Football Shorts: The Over-Sensitive Referee
Strange news of the “only in non-league football” variety reaches us from the Spartan South Midlands League, with the abandonment of a match between Holmer Green and Edgware Town was abandoned after thirteen minutes after the referee decided that he’d had enough of some abuse that he was receiving from a member of the crowd. Holmer Green had already taken the lead when the referee decided that he’d had enough and, in spite of the best efforts of the home side to find a workaround, brought proceedings to a somewhat unexpected close.
It was reported by an individual at the match that said referee had already made some unusual decisions – we can’t confirm this one way the other – before approaching the supporter concerned, arguing with him, and then promptly calling the match off. Holmer Green have confirmed that they offered to provide a linesman so that the senior match assistant could take over refereeing duties but that this couldn’t be completed because the referee had already abandoned the match.
Holmer Green’s club website has already confirmed that at no point were they asked to eject said supporter from the stadium, and that “Both clubs now await word from their respective County FAs, which will presumably mean they will appear before separate Disciplinary Committees, before the League can order that the match to be replayed or otherwise”. The two clubs had, somewhat ironically, met in a match the Tuesday before, with Holmer Green winning by six goals to one.
We have questions, of course. What happens regarding the fifty-odd supporters who were at the match? Do they get a refund? What might the reaction of the County FAs concerned, when we consider the somewhat unilateral behaviour of the official in this unusual case? And more importantly than anything else, what might a supporter have shouted at a referee that was so terrible that the official concerned decided withinb a quarter of an hour of kick-off that perhaps this wasn’t worth the effort, and that the remainder of his Saturday afternoon would be better off spent at home catching up on that DVD boxset of The Wire that he’d been meaning to get around to for the whole of the summer?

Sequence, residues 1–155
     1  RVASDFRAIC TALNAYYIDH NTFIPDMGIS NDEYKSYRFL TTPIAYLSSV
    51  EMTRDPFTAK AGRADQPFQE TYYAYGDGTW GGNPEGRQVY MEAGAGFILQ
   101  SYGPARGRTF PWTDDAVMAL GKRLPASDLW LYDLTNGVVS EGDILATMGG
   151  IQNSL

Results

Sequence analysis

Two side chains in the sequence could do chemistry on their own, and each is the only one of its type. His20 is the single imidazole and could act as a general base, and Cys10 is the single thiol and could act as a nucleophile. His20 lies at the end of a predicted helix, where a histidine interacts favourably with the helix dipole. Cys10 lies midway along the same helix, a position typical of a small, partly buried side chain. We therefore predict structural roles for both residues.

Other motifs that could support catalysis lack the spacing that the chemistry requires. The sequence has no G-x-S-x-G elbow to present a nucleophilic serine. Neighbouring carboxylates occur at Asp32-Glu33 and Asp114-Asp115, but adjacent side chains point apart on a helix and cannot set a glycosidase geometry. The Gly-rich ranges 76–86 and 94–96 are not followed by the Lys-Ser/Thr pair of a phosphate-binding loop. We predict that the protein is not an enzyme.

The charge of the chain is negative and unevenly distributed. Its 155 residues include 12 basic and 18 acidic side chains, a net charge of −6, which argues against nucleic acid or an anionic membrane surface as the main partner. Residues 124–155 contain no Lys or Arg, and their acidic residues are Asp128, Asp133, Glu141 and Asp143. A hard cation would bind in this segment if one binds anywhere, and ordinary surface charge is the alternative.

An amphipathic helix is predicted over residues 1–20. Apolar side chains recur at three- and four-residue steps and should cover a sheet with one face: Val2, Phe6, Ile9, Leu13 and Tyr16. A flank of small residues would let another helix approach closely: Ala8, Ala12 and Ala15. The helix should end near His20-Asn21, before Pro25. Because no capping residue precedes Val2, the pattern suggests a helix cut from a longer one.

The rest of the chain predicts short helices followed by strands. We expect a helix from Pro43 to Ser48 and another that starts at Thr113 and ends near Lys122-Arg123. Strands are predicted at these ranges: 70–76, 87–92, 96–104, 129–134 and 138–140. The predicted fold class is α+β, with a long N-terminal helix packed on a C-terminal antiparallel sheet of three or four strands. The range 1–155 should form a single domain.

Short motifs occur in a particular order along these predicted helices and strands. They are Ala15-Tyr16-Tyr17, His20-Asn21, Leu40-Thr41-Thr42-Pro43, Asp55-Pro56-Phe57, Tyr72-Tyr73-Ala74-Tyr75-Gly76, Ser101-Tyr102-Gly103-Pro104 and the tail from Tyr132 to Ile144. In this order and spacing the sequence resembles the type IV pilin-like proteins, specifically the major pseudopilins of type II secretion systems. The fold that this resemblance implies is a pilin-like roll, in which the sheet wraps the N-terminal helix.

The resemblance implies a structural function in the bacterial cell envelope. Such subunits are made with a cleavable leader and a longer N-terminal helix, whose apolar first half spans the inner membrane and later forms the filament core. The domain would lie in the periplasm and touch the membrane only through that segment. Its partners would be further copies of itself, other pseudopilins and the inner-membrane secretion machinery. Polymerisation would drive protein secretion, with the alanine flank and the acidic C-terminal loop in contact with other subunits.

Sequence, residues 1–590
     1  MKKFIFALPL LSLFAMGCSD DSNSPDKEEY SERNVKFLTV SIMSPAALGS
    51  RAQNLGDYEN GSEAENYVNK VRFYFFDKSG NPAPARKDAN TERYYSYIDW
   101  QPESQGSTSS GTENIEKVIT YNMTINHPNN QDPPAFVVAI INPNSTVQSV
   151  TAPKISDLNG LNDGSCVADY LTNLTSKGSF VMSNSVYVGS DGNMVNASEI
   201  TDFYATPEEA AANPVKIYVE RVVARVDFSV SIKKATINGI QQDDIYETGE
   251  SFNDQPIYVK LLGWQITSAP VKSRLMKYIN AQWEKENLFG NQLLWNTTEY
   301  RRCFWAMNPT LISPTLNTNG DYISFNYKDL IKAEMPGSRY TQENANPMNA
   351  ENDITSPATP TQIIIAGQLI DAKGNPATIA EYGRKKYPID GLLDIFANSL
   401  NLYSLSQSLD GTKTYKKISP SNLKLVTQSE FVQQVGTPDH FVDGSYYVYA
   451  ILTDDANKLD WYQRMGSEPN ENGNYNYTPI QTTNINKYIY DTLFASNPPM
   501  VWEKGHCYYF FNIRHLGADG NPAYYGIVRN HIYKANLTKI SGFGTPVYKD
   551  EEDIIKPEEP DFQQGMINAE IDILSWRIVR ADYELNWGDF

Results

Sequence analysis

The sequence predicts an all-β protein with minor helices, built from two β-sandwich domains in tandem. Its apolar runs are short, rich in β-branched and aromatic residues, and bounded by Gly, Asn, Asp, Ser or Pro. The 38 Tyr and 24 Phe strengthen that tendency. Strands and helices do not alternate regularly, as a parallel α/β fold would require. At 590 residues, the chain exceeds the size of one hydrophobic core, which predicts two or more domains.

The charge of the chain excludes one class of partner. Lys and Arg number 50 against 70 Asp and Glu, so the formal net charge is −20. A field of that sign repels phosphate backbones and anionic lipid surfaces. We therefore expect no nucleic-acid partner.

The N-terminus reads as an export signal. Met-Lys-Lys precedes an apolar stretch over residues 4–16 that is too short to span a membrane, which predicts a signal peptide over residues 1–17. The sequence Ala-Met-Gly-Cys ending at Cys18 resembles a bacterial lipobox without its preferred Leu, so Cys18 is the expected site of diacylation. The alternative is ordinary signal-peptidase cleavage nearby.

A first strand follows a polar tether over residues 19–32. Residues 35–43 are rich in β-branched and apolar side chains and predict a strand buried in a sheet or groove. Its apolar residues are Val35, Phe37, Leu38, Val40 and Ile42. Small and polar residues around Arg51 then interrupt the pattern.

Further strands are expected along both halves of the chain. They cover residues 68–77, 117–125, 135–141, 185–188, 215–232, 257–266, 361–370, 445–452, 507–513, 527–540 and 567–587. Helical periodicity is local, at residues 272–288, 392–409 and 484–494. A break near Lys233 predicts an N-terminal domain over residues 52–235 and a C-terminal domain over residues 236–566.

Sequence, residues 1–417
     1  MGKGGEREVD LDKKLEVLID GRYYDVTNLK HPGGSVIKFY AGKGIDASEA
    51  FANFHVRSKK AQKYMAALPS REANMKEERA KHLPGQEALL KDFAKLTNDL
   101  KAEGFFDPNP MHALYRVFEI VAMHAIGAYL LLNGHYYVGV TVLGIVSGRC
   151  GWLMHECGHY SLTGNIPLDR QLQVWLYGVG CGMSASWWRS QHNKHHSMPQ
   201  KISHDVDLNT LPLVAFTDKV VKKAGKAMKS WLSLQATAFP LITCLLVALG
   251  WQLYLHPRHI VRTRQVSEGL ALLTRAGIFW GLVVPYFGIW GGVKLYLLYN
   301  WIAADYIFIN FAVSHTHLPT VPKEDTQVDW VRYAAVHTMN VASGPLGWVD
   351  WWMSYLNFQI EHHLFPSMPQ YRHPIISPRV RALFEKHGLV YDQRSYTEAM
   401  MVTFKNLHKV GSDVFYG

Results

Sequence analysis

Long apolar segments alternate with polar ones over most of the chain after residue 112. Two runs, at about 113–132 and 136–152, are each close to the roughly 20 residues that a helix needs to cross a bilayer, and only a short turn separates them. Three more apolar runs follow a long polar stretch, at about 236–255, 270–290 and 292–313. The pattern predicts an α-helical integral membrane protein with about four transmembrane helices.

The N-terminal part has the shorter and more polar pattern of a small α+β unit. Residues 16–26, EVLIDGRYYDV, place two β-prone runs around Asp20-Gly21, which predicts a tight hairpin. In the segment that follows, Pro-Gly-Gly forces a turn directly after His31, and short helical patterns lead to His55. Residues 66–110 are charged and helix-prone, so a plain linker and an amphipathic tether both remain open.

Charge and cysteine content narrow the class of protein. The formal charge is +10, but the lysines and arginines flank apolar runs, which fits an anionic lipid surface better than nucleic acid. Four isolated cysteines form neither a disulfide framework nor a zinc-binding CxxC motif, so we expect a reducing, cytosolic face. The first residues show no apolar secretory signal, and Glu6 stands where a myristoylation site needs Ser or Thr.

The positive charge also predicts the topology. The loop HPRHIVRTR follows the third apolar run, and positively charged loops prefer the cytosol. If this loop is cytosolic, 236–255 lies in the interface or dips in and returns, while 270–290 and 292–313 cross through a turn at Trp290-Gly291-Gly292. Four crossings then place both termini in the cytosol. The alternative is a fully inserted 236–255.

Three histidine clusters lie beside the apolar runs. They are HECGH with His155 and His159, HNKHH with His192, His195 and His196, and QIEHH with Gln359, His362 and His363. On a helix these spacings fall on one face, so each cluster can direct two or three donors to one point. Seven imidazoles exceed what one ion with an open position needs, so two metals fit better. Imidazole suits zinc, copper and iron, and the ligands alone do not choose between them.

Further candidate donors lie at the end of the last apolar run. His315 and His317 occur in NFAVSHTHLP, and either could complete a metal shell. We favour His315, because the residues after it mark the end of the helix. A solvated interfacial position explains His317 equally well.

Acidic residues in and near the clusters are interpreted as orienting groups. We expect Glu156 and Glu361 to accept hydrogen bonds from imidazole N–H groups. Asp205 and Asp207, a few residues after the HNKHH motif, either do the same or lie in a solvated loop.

It’s long been common knowledge that being a referee isn’t for the thin-skinned. Indeed, we might even argue that taking a dog’s abuse is a central part of the culture of football, and that anybody that isn’t prepared for this perhaps should be reconsidering what they do with themselves of a Saturday afternoon. Perhaps, though, this was a volley of abuse so profound that it somehow struck a nerve. Even though it has independently been described as no more than “moaning”, perhaps it touched on a subject so raw that the referee needed to leave the ground in order to prevent himself from doing something that he would come to regret.
It’s certainly the first time that we’ve heard of it happening although, considering the nature of the fractious relationship between the football supporter and the referee, it wouldn’t surprise us in the slightest if it wasn’t the first time that a referee had decided that this was more hassle than it was worth. As the somewhat truncated match report on the Holmer Green website says: “If you ever think that you have seen everything in football after watching hundreds or even thousands of games, think again”.
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